WAR DOGS: Of Men, By Men, For Men
War Dogs is a hyper-masculine film that, offensively but not surprisingly, uses its main female character simply as a plot device.
Let’s talk about War Dogs. The hyper-masculine, violence-and-cocaine-driven, boys-club-produced, warfare-is-funny misogynistic piece of American pie that is this film. Sure, I was entertained for those two hours. But I was also pretty grossed out.
Since there are so many men in the film, I spent most of my time tracking David’s girlfriend, Iz. And though she is vocal, grounded, and heartily compassionate, I despise what her character represents. In essence, she is still a played-out, recycled trope: a barometer that allows the viewer to gauge just how far David has stepped out of line.
The Likability Factor
Amazingly, Iz is not even branded as the most likable character in the film: David is. Despite the fact that he deals dangerous arms to the US government in support of a war he doesn’t believe in, and has just as much stake in the company as the much less likable Efraim, we are still rooting for David by the end of the film.
Why is this? In reality, the guy was probably a douchebag. But in the movies, we need to believe that a man can be forgiven—time and time again—and even rewarded for his mistakes and wrongdoings. Just take the last scene in War Dogs, for example. The dude gets handed a briefcase full of cash right after he is released from house arrest.
Iz, our token moral compass, assertively confronts David when he lies to her about his business. His behavior bounces off of Iz, who then decides that he is in the wrong. Of course, she later pardons David’s dishonesty, and we are back on track to liking him again.
One might argue that Iz holds a certain power here; in a way, she controls the approval/disapproval ratings of David’s character. But her role is merely reflective, almost literally, as she holds up the mirror to David’s wrongdoings. She exists to describe the kind of man David is (he is a good man when he apologizes, a bad man when he lies). Regardless, our primary sympathies still lie with David, as he is our main character and half-assed anti-hero.
The Passive Female Body: A Catalyst for Male Action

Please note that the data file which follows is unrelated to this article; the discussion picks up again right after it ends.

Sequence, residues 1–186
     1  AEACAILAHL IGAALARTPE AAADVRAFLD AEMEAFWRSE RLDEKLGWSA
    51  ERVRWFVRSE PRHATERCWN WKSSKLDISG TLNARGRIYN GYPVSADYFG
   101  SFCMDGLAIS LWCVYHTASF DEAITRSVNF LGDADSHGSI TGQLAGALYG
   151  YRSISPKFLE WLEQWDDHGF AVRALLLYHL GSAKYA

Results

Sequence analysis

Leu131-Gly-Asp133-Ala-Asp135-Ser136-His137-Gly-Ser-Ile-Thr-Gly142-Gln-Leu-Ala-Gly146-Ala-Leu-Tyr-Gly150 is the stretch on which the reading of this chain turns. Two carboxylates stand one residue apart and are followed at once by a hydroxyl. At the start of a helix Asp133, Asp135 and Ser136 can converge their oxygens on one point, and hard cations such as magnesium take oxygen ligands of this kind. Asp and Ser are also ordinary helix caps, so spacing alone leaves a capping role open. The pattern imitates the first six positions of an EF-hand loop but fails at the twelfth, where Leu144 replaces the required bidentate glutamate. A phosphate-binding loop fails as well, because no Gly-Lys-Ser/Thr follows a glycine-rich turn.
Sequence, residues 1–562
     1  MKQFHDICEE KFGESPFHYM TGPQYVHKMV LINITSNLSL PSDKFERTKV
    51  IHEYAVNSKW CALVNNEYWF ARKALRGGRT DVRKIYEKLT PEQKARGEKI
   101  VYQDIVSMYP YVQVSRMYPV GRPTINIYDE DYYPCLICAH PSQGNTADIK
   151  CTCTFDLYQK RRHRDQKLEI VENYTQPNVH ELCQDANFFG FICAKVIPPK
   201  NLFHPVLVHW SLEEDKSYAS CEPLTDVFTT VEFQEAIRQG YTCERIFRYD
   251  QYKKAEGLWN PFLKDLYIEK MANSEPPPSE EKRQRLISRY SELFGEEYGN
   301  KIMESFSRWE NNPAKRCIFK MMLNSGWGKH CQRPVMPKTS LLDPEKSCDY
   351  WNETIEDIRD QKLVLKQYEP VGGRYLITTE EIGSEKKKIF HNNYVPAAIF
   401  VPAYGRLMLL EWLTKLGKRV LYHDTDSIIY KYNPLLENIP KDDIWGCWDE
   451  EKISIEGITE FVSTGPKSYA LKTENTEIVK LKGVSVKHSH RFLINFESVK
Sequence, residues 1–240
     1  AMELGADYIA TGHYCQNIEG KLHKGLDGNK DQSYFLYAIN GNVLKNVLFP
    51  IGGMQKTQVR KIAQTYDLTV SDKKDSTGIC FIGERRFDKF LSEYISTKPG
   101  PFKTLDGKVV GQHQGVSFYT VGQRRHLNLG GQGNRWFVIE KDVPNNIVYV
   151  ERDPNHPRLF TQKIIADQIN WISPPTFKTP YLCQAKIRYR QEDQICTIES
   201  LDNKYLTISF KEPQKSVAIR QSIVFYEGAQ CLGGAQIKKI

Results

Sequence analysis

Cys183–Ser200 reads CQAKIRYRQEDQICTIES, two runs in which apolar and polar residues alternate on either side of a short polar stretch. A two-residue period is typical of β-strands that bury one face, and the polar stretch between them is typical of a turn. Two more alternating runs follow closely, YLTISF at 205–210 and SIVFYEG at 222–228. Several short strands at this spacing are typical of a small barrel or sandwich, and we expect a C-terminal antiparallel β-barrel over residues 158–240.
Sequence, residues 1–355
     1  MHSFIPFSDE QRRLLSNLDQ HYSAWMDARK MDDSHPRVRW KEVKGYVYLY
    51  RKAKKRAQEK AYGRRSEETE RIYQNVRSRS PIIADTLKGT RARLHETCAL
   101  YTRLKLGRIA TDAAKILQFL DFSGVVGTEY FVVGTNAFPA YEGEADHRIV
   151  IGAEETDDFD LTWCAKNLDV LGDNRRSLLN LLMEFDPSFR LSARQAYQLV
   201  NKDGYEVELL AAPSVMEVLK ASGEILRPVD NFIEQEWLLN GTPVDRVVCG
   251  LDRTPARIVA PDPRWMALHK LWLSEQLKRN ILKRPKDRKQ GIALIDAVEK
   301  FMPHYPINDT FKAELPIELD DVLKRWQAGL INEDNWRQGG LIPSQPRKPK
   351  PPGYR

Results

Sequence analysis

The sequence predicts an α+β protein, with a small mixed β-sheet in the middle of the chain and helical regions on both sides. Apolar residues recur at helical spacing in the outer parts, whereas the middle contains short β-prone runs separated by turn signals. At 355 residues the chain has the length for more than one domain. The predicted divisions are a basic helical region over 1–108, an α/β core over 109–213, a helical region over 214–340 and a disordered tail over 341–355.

When Iz is first introduced, she is merely an adjunct to the plot, a sort of haphazard sidepiece. She sits next to David on the couch, asks him about his day, and kisses him. One might imagine that Iz would remain in this non-intrusive state for the entirety of the film, but luckily, that changes. (At least somewhat, anyway.)
Iz’s pregnancy, a “traditional” symbol of inexorable femininity, unsurprisingly catapults David into action. He takes the job offered by Efraim. He starts lying to Iz and leaves the country for work. At this point, the screenwriters rely on an element outside of Iz herself, an element involving her passive body, to keep the story going. Iz’s body acts as a surrogate for what should otherwise be female-driven action.
Interestingly enough, when Iz takes on an active role, by calling David out on his lying, she hardly affects the plot at all. David doesn’t return home from Albania because of his wife and child; he returns home because gangsters threaten his life. Sure, David feels badly for betraying Iz, but that doesn’t keep him from continuing to supply arms for a war that neither of them believes in.
War Dogs: Conclusion
It’s these faux-feminist portrayals of women that really get me. Yes, I know that War Dogs is not about Iz (in fact, it’s not about women at all) but for once I would like to see a male character simplified to a plot device. Luckily, we are seeing a wave of female filmmakers doing just that. But it is time for these directors to be recognized and embraced by the Hollywood machine. Is that really too much to ask?
What was your take on War Dogs?
War Dogs was released on August 19, 2016.
Opinions expressed in our articles are those of the authors and not of the Film Inquiry magazine.